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1942: Stjepan Filipovic, “death to fascism, freedom to the people!”

2 comments May 22nd, 2013 Headsman

On this date in 1942, this happened:

The young man striking the dramatic pose is Stjepan Filipovic, an anti-fascist partisan hanged in the city of Valjevo by the Serbian State Guard, a collaborationist force working with the Axis occupation of Yugoslavia.

Filipovic is shouting “Death to fascism, freedom to the people!” — a pre-existing Communist slogan that Filipovic’s martyrdom would help to popularize. Smrt fašizmu, sloboda narodu! … or you can just abbreviate it SFSN!

In the city where Filipovic died, which is in present-day Serbia, there’s a monumental statue in his honor replicating that Y-shaped pose — an artistically classic look just like our favorite Goya painting, poised between death and victory.


(cc) image from Maduixa.

Filipovic was a Communist so we’re guessing that he would not have had a lot of truck with the ethnic particularism that’s latterly consumed the Balkans. Times being what they are, however, the national hero to Tito’s Yugoslavia has become a post-Communist nationalist football.

That Valjevo monument — it’s in Serbia, remember — calls him Stevan Filipovic, which is the Serbian variant of his given name. But as Serbia is the heir to Yugoslavia, he at least remains there a legitimate subject for a public memorial. Filipovic himself was Croatian, but his legacy in that present-day state is a bit more problematic: in his native town outside Dubrovnik, a statue that once commemorated Filipovic was torn down in 1991 by Croat nationalists; its vacant plinth still stands sadly in Opuzen. (Opuzen’s film festival, however, awards its honorees a statuette replicating the destroyed monument.)

On this day..

Entry Filed under: 20th Century,Arts and Literature,Capital Punishment,Croatia,Death Penalty,Execution,Famous,Famous Last Words,Guerrillas,Hanged,History,Martyrs,Occupation and Colonialism,Public Executions,Serbia,Soldiers,Wartime Executions,Yugoslavia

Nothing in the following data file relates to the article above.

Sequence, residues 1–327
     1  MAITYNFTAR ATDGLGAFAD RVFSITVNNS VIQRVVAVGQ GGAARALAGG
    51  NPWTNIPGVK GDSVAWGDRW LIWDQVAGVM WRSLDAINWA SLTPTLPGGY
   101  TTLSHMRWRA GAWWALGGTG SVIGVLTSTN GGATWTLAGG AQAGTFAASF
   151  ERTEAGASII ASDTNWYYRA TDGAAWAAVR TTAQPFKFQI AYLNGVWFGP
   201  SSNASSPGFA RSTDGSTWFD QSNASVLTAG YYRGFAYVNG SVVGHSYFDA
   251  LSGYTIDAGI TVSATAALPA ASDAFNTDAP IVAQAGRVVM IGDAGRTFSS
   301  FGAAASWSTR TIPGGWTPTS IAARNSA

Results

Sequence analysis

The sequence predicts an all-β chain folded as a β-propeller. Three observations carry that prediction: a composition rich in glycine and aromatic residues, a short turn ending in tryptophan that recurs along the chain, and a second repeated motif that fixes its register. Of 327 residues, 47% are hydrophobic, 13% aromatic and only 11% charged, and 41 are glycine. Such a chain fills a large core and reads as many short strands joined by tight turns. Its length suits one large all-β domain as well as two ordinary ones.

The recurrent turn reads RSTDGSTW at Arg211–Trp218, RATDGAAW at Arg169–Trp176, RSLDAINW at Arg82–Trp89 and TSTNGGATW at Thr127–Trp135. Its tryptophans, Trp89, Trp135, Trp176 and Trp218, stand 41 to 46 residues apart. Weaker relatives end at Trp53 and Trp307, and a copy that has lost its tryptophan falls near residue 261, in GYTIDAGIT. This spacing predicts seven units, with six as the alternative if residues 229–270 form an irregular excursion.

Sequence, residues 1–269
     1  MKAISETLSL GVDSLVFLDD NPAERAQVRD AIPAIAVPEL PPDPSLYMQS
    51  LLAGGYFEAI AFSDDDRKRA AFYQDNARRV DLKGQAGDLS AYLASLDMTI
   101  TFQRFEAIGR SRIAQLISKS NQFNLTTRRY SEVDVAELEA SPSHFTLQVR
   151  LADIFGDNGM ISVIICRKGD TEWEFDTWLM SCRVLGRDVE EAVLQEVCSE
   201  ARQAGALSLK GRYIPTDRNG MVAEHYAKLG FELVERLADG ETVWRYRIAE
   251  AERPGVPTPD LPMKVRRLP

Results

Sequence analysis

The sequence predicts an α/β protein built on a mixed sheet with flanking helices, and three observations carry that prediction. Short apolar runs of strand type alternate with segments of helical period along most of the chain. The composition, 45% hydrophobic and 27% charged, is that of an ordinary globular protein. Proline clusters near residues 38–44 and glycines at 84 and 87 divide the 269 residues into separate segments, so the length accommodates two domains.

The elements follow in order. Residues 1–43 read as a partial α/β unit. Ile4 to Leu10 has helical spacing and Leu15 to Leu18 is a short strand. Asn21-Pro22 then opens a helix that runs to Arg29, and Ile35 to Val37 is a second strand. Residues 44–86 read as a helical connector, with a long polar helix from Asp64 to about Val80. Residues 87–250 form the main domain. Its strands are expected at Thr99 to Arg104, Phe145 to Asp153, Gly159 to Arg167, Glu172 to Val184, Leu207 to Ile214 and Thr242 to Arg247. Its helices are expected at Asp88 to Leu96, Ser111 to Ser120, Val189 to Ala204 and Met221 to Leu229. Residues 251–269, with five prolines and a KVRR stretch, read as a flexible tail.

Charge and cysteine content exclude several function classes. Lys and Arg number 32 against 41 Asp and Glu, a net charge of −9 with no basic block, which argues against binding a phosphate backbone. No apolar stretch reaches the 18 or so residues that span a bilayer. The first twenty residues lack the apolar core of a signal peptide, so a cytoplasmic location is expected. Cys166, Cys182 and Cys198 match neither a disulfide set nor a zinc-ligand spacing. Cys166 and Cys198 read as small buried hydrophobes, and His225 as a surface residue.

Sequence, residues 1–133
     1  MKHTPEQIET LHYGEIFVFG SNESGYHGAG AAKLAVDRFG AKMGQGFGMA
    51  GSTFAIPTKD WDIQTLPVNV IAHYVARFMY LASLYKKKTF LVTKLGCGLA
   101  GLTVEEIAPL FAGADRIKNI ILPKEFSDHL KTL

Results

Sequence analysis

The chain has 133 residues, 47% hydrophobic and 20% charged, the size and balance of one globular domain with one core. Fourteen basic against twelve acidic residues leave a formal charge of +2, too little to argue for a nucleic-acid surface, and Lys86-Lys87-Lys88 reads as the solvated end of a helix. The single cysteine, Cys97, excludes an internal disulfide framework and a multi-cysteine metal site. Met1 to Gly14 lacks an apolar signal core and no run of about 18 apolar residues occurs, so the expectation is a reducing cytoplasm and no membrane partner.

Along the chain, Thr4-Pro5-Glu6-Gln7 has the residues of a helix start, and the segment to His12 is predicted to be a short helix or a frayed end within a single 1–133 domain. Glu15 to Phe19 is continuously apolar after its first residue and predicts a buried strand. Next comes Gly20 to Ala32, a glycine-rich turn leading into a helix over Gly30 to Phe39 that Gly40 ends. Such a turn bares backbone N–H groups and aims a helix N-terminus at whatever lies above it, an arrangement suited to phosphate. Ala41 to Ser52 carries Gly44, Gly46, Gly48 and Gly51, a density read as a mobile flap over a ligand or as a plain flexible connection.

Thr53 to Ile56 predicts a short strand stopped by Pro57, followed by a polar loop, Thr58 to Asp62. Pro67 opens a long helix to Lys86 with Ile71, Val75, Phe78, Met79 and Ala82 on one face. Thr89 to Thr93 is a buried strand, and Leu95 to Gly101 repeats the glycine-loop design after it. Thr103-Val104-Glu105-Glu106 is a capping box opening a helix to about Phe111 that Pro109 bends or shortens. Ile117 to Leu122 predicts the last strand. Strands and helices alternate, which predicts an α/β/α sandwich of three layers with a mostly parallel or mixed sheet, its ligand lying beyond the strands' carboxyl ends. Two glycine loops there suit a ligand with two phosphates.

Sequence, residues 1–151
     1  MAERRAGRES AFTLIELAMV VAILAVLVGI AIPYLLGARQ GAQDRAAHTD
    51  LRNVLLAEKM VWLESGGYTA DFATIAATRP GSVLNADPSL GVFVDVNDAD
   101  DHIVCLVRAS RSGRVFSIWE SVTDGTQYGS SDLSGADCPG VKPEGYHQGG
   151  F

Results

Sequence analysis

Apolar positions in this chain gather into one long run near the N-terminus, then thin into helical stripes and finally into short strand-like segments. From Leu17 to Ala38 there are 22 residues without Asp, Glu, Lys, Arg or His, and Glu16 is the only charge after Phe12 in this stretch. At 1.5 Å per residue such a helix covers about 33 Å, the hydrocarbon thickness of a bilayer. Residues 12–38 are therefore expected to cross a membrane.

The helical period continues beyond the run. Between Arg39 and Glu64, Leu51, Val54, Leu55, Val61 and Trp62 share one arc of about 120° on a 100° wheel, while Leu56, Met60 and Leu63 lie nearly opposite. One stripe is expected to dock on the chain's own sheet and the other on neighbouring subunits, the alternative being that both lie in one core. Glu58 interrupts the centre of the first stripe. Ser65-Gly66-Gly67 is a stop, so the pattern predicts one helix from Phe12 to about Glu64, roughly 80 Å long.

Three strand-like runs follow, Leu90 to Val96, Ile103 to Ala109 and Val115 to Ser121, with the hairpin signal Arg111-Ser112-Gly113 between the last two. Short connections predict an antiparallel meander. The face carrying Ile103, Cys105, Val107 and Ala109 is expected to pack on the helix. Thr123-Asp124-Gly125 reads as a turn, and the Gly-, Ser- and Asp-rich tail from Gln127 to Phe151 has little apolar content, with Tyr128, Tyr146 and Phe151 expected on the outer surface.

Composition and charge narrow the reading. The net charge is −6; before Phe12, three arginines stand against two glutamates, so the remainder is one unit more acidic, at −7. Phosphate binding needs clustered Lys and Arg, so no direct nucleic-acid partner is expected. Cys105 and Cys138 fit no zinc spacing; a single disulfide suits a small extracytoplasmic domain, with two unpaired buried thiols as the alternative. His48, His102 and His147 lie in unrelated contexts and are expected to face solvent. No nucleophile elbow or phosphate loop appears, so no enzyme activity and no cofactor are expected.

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1925: Jovan Stanisavljevic Caruga, Slavonian hajduk

Add comment February 27th, 2013 Headsman

On this date in 1925, the Serbian outlaw Jovan “Jovo” Stanisavljevic, better known by his nickname Caruga (Charuga), was hanged before a crowd of 3,000 in Osijek.

Caruga was born to peasant stock within the Kingdom of Croatia-Slavonia within the Hungarian Kingdom within the Austro-Hungarian Empire, and at just the right age for service at arms when World War I came along to wreck that agglomeration.

Caruga soon deserted the front lines on a false pass — but his unauthorized leave became permanent when he came across a Hungarian soldier paying court to the innkeeper’s daughter whom Caruga, too, desired. Caruga shot him dead.

He did a short turn in prison but escaped in 1919 and shortly thereafter established himself the captain of a posse of brigands styled the “Mountain Birds”. From roosts in the Papul and Krndija mountains they preyed on the nearby Slavonian plains — ducking away freely when needed to Dalmatia or Bosnia in what was now the independent (and quite unsettled) Kingdom of Serbs, Croats and Slovenes. (This polity would become Yugoslavia four years after Caruga’s execution.)

Caruga et al obtained a reputation as a Robin Hood-esque character who revenged himself on the rich. He was a late throwback to the classical hajduk character, a complex thief-with-the-heart-of-gold archetype who straddled the line between freebooting highwayman and rebel partisan during the era of Ottoman ascendancy in the Balkans. (The term’s roots trace to a caste of independent Hungarian footsoldiers in the 1600s.)

While the Turks were out of the picture at this point, the romance of the road and the social resentments rife in the fractious young kingdom were still sufficient to support a legendary bandit. Sentiment and fair fortune only turned against him after a botched raid on the estate of one Count Eltz of Vukovar, which resulted in an armed standoff with the local gendarmerie and the death of an innocent forester caught in the crossfire. Caruga was taken with some of his gang not long after.